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October 12, 1924 - Image 8

Resource type:
Text
Publication:
The Michigan Daily, 10-12-1924

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aTHE MICHIGAN DAILY

SUNDAY, OCTOBER 12,

PR OBA BLE CUBAN CHIEF

I LY

OFFICIAL BULLETIN

Publication in the Bulletin is constructive notice to all members of
the University. Copy received by the Assistant to the President until
3:30 p. m. (11:30 a. m. Saturday)
Volume 5 SUNDAY, OCTOBER 12, 1924 Number 18S
To The Deans:
There will be a conference of the Deans on Wednesday, October 15, at ten
o'clock in the President's office. M. L. Burton.
Senate Council:
The first meeting of the Senate Council will be held Monday, October 13,
at 4:15 p. m., in the President's office. Frank E. Robbins, Secretary.
iealth Lectures for Women:
All freshman and entering sophomore woman are required to attend six
health lectures to be given in Sarah Caswell Angell Hall at 4 o'clock, as
follows:
Lecture I.
For freshmen-Tuesday, Oct. 14th.
For entering sophomores-Thursday, Oct. 16th.
Lecture II.
For fresmen-Tuesday, Oct 21st.
For entering sophomores-Thursday, Oct. 23rd.
Lecture III.'
For freshmen-Tuesday, Oct. 28th.
For entering sophomores-Thursday, Oct. 25th.
Lecture IV.
For freshmen-Tuesday, Nov. 6th.
For entering sophomores-Thursday, Nov. 6th.
Lecture V.
For freshmen-Thursday, Nov. 13th.
For entering sophomores-Tuesday, Nov. 18th.
Lecture Vl.
For freshmen-Thursday, Nov. 20th.
For entering sophomores-Tuesday, Nov. 25th.
Margaret Bell, M. D.
Notice of Special heart and lung examinations for participation in Women
Sports:
Monday-Palmer Field House-4-6 p. m.
Tuesday-Health Service, 2nd. Floor-4-6 p. m.
Thursday Health Service, 2nd. Floor -4-6 p. in.
Note: Field House examination on Wednesday changed on account of W.
A. A. party. Margaret Bell.
Research Club:
The first regular meeting of the Research Club will be held on Wednesday,
October 15th at 8 o'clock p. in., in the Histological Laboratory. Election o
officers. The following paper will be read:
The Presidential Election of 1824-5. by Professor E. S..Brown.
The Council will meet at 7:30 p. in. T. H. 1ildebrandt, Secretary.
Board of Directors: Women's League:
A meeting of the Board of Directors of the Women's League will be held
on Monday afternoon, October 13, at four o'clock in Barbour Gymnasium. All
members are expected to be present, as the meeing was announced some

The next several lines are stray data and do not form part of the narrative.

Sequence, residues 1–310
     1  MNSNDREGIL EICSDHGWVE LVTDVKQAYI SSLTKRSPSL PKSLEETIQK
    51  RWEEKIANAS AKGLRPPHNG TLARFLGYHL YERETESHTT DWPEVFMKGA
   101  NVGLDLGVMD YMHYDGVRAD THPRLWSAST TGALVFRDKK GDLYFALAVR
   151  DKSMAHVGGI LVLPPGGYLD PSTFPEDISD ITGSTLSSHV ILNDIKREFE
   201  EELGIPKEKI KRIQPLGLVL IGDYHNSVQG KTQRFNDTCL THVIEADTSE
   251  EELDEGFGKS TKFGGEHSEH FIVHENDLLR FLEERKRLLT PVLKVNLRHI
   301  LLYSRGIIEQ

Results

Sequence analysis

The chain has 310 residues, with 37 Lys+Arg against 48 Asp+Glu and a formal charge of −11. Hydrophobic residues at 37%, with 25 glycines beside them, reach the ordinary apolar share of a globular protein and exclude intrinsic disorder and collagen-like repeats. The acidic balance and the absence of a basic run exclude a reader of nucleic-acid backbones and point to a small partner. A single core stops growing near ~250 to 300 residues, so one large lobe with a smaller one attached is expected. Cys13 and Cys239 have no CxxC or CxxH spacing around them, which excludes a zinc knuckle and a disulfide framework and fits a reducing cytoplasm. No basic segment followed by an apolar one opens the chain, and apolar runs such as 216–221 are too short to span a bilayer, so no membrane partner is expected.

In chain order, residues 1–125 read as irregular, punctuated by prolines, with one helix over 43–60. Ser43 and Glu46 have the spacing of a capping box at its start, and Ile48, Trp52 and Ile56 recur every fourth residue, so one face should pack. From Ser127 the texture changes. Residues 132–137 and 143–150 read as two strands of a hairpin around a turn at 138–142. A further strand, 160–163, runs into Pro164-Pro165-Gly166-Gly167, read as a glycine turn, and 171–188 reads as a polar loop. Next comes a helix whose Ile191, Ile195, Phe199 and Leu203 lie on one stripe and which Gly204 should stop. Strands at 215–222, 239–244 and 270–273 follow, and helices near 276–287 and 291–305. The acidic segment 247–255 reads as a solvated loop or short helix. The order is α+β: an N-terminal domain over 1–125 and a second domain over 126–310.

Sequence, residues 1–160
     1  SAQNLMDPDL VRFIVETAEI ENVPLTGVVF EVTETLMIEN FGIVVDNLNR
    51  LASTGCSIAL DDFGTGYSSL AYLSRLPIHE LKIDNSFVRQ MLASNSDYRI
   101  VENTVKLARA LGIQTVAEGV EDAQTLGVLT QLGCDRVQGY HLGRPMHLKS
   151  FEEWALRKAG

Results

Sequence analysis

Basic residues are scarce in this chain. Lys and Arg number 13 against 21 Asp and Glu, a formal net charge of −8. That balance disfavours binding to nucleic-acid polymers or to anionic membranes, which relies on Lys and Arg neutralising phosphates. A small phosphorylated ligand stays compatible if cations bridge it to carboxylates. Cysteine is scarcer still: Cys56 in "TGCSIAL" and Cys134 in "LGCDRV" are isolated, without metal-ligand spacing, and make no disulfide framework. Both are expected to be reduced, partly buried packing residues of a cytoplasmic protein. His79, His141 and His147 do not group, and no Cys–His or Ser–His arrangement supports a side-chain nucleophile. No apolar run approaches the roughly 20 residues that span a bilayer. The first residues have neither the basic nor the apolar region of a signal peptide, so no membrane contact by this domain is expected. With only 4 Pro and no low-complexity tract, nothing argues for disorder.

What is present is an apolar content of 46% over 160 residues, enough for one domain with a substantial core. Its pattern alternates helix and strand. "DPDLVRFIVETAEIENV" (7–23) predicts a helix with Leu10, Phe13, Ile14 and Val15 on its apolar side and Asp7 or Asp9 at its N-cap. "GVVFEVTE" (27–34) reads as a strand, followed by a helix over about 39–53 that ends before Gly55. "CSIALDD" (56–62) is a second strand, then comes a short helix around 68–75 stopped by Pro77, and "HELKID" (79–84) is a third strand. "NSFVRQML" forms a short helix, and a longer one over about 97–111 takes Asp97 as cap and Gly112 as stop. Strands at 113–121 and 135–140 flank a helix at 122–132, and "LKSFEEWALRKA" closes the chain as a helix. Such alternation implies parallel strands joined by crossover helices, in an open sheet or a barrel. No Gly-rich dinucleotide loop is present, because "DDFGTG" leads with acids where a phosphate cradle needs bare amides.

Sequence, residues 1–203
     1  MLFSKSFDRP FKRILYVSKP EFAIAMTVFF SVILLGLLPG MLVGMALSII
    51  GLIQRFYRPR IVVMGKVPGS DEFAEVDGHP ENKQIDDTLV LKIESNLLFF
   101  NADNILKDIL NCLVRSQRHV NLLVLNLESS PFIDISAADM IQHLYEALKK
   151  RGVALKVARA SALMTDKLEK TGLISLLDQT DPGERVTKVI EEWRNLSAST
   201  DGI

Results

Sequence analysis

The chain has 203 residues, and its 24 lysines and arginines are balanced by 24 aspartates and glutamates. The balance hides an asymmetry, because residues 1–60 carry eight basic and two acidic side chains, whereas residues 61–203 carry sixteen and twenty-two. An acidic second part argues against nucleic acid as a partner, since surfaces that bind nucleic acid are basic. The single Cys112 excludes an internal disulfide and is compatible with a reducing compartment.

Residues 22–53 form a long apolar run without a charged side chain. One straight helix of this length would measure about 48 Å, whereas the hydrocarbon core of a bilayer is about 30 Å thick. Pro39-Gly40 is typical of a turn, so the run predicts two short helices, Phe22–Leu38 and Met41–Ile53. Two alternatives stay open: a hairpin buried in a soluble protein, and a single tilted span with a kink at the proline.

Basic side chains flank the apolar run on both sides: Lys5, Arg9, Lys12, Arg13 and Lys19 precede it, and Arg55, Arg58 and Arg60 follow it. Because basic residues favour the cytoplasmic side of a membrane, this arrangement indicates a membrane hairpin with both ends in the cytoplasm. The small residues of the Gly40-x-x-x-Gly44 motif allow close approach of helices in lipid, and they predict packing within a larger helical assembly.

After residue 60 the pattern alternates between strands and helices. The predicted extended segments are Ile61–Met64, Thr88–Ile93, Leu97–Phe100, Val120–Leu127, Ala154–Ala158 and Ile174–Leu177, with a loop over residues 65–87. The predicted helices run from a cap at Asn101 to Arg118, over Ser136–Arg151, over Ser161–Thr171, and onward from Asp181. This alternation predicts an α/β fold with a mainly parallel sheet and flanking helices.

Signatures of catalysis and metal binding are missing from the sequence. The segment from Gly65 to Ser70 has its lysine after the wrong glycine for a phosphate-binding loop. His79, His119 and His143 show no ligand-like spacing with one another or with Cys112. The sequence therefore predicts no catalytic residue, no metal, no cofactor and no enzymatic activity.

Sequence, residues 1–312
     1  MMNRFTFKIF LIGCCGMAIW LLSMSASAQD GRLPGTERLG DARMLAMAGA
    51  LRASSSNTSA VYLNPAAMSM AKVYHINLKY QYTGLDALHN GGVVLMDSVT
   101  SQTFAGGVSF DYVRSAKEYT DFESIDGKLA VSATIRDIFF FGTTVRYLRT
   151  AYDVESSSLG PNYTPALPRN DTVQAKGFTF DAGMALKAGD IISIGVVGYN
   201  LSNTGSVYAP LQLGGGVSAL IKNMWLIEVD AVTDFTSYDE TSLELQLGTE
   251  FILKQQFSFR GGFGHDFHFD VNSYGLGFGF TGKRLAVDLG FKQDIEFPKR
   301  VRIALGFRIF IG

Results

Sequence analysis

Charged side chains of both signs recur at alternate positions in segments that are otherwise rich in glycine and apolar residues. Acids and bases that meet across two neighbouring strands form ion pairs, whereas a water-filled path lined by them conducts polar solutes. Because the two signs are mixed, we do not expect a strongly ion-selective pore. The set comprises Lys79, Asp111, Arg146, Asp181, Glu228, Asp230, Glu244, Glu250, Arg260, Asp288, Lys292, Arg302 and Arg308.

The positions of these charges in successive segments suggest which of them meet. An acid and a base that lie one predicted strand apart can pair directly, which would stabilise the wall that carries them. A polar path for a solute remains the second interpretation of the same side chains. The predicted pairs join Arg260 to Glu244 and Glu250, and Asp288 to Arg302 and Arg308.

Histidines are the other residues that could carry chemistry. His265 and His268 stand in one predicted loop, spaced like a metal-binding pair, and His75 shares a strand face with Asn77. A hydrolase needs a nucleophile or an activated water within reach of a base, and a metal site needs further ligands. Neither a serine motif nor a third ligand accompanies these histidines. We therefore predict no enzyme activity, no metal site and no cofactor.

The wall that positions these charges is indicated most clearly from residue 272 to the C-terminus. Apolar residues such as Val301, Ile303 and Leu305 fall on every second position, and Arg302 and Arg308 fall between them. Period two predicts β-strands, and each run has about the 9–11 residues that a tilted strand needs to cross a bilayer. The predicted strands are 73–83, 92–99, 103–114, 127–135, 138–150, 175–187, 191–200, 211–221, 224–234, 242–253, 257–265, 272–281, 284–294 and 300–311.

weeks in.advance. Charlotte A. Blagdon, President,
Ulniversity Library Sunday Opening:
The main reading and periodical rooms only are open on Sunday. The
hours are 2 to 9 p. m. Books shelved in other parts of the Library Building
may be put on reference in the main reading room for Sunday use on 4-
plication Saturday evening at the desk from which they may ordinarily be
drawn.
This does not apply to books shelved in buildings other than the Library.
Most books in the Departmental Libraries may be drawn for home use over
Sunday during the last hour the Departmental Library is open on Sunday.
Wm. W. Bishop, Librarian.
League of Nations Non-Partisan Association:
The first meeting of the League of Nations Study Group will lie held at
7:45 o'clock Tuesday night, Oct. 14, in Room 318-320 of the Union. Professors
Reeves and Slosson will speak. Members of the Association last year and
any others interested in the League of Nations, are invited to attend.
Edgar H. Ailes.
Graduate English Club:
The first meeting of the Graduate English Club will take place at 8 p. m.,
on Wednesday, Oct 15, at the Newberry Residence.' In addition to election
of officers for the current year, Professor Gingerich will present a paper
entitled "Three Conceptions of Beauty-Shelley, Keats and Poe." All grad-
uate students working in Rhetoric or English are cordially invited to be
present. Harris Fletcher.
Summer Field Courses in Geology and Geography:
Reports of students, who attended the courses in Geology and Geography
at Mill Springs, Kentucky, must be in the hands of the instructors by Octo-
ber 23rd if credit is to be given for this work.
I. D. Scott, K. C. McMurry, G. M. Ehlers.
English III, (Public Speaking for Engineers):
The speakers for the Thursday night assembly (October 16th) are as fol-
lows:;
F. F. Hubbard Chairman; and Messrs. D. M. Cooper, H. C. Coulter, A. K.
Eugene, E. E. Nielson, M. E. Smith, D. A. Brown, H. R. Johnson, and K. S.
Liang.
The meeting will be held in Room 348 West Engineering Building at 7:15
p. P. Earl F.Riethmiller, General Chairman.

University Lecture:
Dr. I. M. Kolthoff, of the University of Utrecht, Holland, will speak under
the joint auspices of the University and the University of Michigan. Section
of the .Americpn Chemical Society on Thursday, October 16, at 4:15 p. m., in
the Chemistry Amphitheater.
Subject: "The Use of Different Electrodes in Neutralization Reactions."
The Public is cordially invited. F. E. Bobbins.

CAL POLI RESERVES
TO DISPERSE STUDENTS,
I-
Detroit, Oct. 11.-Three hundredj
students of the College of the City
of Detroit, after a smoker at Central
High School Friday night, were dis-
persed by the police reserve squadl
when they gathered in Pingree Square
and held up traffic for several minutes
while their cheer leader led them
through yells. The police drove the
reserve patrol wagon through tht,
crowd several times, but the students
immediately reformed and continuedf
yelling.
Sergt. Dan O'Connell, of the Cen-
tral Station, a former Notre Dame
football player, then addressed the
beys and asked them to keep off the
streets, but said they could continue
1 their parade. He then led them to Cad-
illac Square, where they gave cheers
for him, and continued the march to
the Detroit River, gave a few more
yells and then boarded cars for home.

German Princes Find Work